Al Nazemian* (festival founder/producer/actor) has
Nora Armani* (festival co-producer & director) is an actor/
New York City: The first annual Noor Play Festival tool place at the Wings Theatre, New York, NY, from April
Read interview in Curtain Rising with Producers Nazemian and Armani.
The Noor Festival of short plays tackles Middle East-related topics and offers a great theatre experience through original comedic and dramatic short plays. Its mission, as the name noor (light) suggests, is to enlighten savvy theatergoers about the Middle East while entertaining them.
“The unique criteria for a play to be selected (besides of course its artistic and literary merits) is that at least one of the characters in it should be from the Middle East”, says festival founder and co-producer Al Nazemian.
“However, playwrights, actors, directors, talent, technical crew- and above all, audiences- don’t have to be Middle Eastern at all!” adds festival co-producer Nora Armani.
Noor Festival themes embrace a wide geographical area including: Iran, Afghanistan, Israel, Pakistan and all the Arab countries.
Play submissions are accepted on an ongoing basis and those not selected for this year will be considered for subsequent years.
Talent and technical crew, volunteers, sponsors, donors, and all kinds of support are welcome. The producers would also love to hear from you with your ideas. Write to them at: firstname.lastname@example.org
Producers Al Nazemian and Nora Armani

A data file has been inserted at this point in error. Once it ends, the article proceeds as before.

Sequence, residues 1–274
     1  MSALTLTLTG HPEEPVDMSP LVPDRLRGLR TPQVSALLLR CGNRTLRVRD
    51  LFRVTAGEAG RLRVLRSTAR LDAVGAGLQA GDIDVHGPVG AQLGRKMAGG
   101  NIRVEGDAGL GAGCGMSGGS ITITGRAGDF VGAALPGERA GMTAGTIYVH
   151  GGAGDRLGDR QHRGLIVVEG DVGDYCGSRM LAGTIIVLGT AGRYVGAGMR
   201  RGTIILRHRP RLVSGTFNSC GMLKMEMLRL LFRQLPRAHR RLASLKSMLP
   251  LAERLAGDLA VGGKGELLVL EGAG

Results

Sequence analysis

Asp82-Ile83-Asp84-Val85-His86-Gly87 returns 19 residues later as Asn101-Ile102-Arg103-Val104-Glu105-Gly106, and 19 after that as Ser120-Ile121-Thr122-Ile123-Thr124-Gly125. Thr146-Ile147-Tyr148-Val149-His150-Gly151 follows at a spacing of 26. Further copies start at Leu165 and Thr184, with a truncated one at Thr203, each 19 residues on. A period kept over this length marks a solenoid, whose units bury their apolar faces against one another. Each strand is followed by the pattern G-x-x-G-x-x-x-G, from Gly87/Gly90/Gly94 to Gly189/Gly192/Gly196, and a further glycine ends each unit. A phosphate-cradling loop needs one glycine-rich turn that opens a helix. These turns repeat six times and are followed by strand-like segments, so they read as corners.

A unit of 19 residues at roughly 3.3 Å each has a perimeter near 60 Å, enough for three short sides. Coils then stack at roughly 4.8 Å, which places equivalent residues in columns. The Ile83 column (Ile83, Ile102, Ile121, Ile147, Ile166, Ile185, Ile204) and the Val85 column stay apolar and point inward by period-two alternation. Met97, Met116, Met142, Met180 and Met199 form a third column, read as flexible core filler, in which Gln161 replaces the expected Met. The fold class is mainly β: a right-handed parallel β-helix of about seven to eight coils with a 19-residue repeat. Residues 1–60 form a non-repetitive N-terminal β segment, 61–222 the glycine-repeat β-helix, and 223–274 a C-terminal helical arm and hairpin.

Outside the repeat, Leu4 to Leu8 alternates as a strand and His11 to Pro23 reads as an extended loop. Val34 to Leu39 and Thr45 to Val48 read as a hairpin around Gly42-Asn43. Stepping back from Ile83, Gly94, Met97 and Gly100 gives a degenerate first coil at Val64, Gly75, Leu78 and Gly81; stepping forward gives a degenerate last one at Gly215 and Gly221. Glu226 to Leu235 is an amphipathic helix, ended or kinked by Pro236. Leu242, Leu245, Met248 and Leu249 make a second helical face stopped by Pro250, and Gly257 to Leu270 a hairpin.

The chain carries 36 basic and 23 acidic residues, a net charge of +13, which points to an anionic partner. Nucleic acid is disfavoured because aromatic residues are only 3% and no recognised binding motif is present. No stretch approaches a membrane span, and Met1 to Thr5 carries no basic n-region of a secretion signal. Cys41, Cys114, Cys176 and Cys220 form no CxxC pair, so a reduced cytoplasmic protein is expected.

at the Noor Play Festival Launch
March 30th, 2008
NY TIMES: Audience Review by Russell16"The Rubbaiyat of Omar Khayyam", was the most original and cleverly written play of the festival. In it, a clay bowl full of wine talks to Persian poet Omar Khayyam and tempts him to drink her (the clay bowl is embodied by a female actress.) Sharon Freedman puts her expressive body and voice to great use as the clay bowl & Al Nazemian is superb as Omar Khayyam- conveying with his physicality the poet's struggle between resisting temptation/being ascetic and surrendering to the clay bowl and drinking the wine (which he ultimately does in a delicious climax in which the clay bowl has an orgasm as Omar touches it, rubs it, then drinks from it.)
Noor Play Festival List of Plays (seen in the same evening):
“The Sort of Happy Ending to the Sad Tale of Mr. Ali Ali: or the Lighter Side of Outsourcing Torture,” written by Craig Abernethy, and directed by Nora Armani, deals with the subject of outsourcing torture in a comedic, circus-like, bigger than life fashion.
“Saddam’s Crapper,” written by Kate McLeod, and directed by Patrick Mills, tells the story of an Iraqi woman, Saddam’s cleaning lady at the verge of losing her job, interviewed by a CNN-type reporter immediately following the fall of the Saddam regime.
“Stars,” written by Evan Guilford-Blake and directed by Patrick Mills, tells about the friendship and tenderness between two young men, a Persian boy enthralled by the poetry or Rumy and his African American friend.
“The Rubbaiyat of Omar Khayyam,” written by Scott McMorrow and directed by Tracy C. Francis deals with the philosophical and sensual world of Omar Khayyam and his relation with a clay bowl embodied by a woman…
“Train," written by Bethel Caram and Neil Potter and directed by Tracy C. Francis is about a half Arab half American couple on a train that sees Middle Eastern looking fellow passengers and become suspicious of them.
“Trigger Happy,” written by Zach Fischer and directed by Scott Casper is a comedic and human take on an Iraqi dentist caught in the crossfire between warring terrorists and American fighters.
“Khawaga Story” written and directed by Nora Armani based on the book “The Lost World of Egyptian Jews” by Liliane S. Dammond, is about Egyptian Jews in exile following the creation of the State of Israel and Nasser’s 1952 Revolution in Egypt.
Kathryn Kates in 'Khawaga Story'
Photo: Meredith Whitefield